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Prostatectomy for Cancer

Procedure Defined

A prostatectomy , or removal of the prostate gland, is one of the extreme treatments in men who have prostate cancer. As prostate glands are unnique to males, this is a surgery designed only for the men who are suifferers of prostate cancer. Prostate cancer is common in men and while treatable, and often curable, this type of cancer often goes undetected until it is to far advanced to treat or cure.

Efficacy of Procedure

There is medical evidence to the effect that if this deadly form of cancer is caught early enough and treated aggressively by performing a prostatedtomy on the patient, absence of the gland in the future will prevent the cancer from spreading beyond that gland. The procedure is often accompanied by administering radiation to the patient following the surgery to kill any remaining cancer cells left after removal of the gland.

Protestatectomy for cancer can either be done as a partial removal of the gland, or a radical protestatectomy, removing the entire gland plus tissue from around the gland in an attempt to prevent spread of any cells which have been taken over by the cancer cells. This delicate surgery has been traditionally performed by human surgeons but is now available as laproscoptic surgery performed by the daVinci robiotic method.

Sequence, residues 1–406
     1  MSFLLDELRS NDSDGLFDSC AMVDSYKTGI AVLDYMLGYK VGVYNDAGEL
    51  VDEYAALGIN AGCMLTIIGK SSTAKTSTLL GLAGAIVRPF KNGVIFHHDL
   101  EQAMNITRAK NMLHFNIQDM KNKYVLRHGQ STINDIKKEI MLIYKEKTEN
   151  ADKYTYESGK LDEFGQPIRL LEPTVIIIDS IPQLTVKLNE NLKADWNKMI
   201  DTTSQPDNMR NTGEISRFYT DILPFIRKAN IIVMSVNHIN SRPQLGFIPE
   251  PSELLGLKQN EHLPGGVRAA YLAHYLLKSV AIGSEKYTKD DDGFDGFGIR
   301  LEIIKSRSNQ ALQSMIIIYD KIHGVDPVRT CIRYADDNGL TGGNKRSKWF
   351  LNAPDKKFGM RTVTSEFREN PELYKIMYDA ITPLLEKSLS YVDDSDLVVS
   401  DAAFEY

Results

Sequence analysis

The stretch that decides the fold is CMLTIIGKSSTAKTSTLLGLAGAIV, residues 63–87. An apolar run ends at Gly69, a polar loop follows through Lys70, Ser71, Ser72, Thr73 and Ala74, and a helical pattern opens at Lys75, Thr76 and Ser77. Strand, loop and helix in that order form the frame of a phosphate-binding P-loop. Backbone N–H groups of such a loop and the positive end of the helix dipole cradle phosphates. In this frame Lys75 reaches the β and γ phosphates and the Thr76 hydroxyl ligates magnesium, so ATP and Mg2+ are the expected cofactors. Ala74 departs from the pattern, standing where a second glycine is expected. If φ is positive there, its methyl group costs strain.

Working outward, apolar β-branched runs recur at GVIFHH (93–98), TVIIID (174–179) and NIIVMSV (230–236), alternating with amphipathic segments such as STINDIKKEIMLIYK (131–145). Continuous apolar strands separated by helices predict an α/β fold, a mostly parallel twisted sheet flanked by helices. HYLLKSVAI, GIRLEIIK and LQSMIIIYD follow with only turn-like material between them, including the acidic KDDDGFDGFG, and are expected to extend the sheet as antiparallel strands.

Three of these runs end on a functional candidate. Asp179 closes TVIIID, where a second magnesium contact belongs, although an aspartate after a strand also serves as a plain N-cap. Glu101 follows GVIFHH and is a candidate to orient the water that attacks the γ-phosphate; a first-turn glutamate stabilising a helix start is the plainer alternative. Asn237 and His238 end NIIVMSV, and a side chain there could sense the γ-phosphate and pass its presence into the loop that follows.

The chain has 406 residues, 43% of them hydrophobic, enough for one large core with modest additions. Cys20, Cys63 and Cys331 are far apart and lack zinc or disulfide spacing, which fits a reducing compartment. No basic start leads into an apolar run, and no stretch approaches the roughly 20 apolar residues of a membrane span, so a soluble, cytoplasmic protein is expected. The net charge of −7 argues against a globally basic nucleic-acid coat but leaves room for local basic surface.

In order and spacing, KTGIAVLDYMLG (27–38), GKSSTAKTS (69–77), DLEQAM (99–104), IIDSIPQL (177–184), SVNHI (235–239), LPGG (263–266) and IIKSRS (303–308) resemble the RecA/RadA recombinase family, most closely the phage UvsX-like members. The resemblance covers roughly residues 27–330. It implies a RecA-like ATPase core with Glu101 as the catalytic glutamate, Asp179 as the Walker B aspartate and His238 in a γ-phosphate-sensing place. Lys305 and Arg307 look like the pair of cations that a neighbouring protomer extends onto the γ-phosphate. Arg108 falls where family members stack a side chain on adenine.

Potential Side Effects of Procedure

Side effects of a successful protestatectomy can be unpleasant, including infertility, urinary incontinence, and general lack of urinary control. Wh ile the surgery has inconvenient side effects, the success rate of the surgery and its effect at taming prostate cancer is excellent. Newer procedures including robotic surgical procedures and alternative, less invasive surgical techniques have also been developed , but their efficacy is still under study.

Drawing of procedure
Drawing of procedure